The story started in October, when Mirko Hannemann, the 27-year-old founder of DBM Energy, drove his yellow and purple all-electric Audi A2 from Munich to Berlin, a trip of some 375 miles taking seven hours, without recharging the car's battery.
The record-setting trip was a media phenomenon. Hannemann steered the car directly into the German government district, where Economy Minister Rainer Bruederle jumped in for a quick drive in the courtyard of his ministry.
Bruederle, who had helped fund the project with $380,000, called the car's battery -- based on what DBM Energy calls the KOLIBRI AlphaPolymer Technology -- a "technological quantum leap." He urged the German car industry to consider using it in their future electric cars.
Observers say the German automobile giants weren't amused. The likes of Volkswagen and Daimler have invested billions of dollars in lithium-ion-based battery systems but are behind French and Asian competitors in rolling out an electric car. And then a small start-up shows them all up.
Soon after the trip, however, accusations surfaced that DBM Energy might have cheated. Why didn't DBM Energy agree to have its battery checked out? Also, for a few minutes toward the end of the drive, the car had been out of sight, so maybe there was an illicit battery recharge? Was the trip just a big scam to lure investors?
Hannemann vehemently denied the accusations, saying that he couldn't simply open the lid on all details of his technology.
In a bid to defuse further speculation, he provided a German government agency with KOLIBRI battery packs that are being tested for safety.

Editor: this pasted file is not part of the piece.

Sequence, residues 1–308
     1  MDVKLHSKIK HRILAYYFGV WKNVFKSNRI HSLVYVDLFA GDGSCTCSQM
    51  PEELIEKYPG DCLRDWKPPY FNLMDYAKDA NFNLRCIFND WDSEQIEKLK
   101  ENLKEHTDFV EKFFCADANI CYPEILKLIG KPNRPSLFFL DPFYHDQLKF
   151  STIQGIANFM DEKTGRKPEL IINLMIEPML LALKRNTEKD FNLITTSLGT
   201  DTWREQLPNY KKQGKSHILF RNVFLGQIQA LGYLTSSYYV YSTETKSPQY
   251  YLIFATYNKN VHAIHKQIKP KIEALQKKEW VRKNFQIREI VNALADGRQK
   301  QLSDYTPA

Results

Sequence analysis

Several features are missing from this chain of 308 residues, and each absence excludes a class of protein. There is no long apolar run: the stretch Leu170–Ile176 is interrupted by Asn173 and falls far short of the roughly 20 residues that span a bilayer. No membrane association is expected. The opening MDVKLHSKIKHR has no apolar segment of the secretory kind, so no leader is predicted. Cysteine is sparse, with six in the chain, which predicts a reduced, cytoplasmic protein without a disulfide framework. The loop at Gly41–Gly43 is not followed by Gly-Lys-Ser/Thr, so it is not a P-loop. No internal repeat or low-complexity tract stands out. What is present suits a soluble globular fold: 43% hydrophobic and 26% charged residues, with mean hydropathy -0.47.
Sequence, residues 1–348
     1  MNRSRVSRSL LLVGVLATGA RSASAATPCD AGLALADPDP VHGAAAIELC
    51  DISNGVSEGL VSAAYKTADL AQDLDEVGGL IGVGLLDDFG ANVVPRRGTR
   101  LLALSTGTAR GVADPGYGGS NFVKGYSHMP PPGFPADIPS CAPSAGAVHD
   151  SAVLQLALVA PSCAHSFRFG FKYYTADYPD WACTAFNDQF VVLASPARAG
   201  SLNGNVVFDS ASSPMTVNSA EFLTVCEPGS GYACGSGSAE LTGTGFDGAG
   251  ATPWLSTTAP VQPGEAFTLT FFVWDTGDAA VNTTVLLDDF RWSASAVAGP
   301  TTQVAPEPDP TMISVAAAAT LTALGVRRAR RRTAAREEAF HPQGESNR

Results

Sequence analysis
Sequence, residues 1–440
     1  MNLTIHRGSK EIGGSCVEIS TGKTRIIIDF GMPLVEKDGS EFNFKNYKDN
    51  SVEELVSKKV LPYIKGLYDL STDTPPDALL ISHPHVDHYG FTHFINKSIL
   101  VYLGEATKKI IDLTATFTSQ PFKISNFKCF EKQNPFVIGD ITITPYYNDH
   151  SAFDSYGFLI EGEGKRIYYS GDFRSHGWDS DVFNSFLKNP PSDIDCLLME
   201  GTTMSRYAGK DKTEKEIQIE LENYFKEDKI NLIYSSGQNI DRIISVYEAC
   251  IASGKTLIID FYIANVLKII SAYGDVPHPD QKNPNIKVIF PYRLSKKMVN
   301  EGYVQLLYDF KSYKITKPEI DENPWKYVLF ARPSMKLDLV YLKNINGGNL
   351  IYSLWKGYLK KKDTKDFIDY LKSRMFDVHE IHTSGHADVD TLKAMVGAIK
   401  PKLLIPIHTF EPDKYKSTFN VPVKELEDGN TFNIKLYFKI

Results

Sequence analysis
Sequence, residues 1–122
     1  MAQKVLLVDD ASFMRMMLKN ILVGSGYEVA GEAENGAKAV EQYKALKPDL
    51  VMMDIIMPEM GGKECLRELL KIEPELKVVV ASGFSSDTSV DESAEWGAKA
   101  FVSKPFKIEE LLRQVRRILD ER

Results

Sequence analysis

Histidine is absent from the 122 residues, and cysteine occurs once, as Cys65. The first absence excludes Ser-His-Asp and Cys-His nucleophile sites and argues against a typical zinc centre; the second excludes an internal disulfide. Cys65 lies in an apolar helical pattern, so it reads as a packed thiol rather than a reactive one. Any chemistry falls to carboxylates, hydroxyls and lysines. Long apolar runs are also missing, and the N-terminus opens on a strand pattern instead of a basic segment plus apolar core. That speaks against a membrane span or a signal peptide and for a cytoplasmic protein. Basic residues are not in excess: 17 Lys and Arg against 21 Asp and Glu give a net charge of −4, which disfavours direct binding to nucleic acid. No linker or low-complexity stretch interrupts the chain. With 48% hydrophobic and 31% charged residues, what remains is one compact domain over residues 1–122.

On its Web site, the company reacted to allegations of fraud when setting the record. It provides what it says is a Global Positioning System protocol of the trip and notes that "manipulation on the car or the battery, for example an unobserved recharge, can be absolutely ruled out with this protocol." Moreover, more than 30 witnesses joined the trip.
The German government, in a reply to questions submitted by the opposition Green Party, backs DBM Energy's account, saying it had no reason to believe that the vehicle's record wasn't valid.
Then, at the height of the controversy shortly before Christmas, the record-setting car, parked in a warehouse rented by local utility Gasag, burned. Authorities have been investigating on suspicion of arson.
"We are allowed to say only this: Neither the car nor DBM Energy is responsible for this fire," Hannemann told the Wirtschaftswoche weekly.
This shouldn't be the end for DBM Energy. The record-setting car is now junk but the battery pack had apparently been taken out the vehicle before the fire. A non-inflammable battery was in the car, Hannemann said, countering speculation that the battery might have caused the fire. Either way, the KOLIBRI battery can be reproduced and is currently built into a new car, Hannemann said.
The engineer in the Wirtschaftswoche interview said he was taken aback by the attacks in the media and the rumors that have since surfaced. Everyone deplored that German car companies lag behind their competitors when it comes to battery technology, Hannemann said.
"And then comes a 27-year-old inventor, shows how it could be done, and gets a beating for it," he said. "We have done nothing wrong. This has nothing to do with fair play."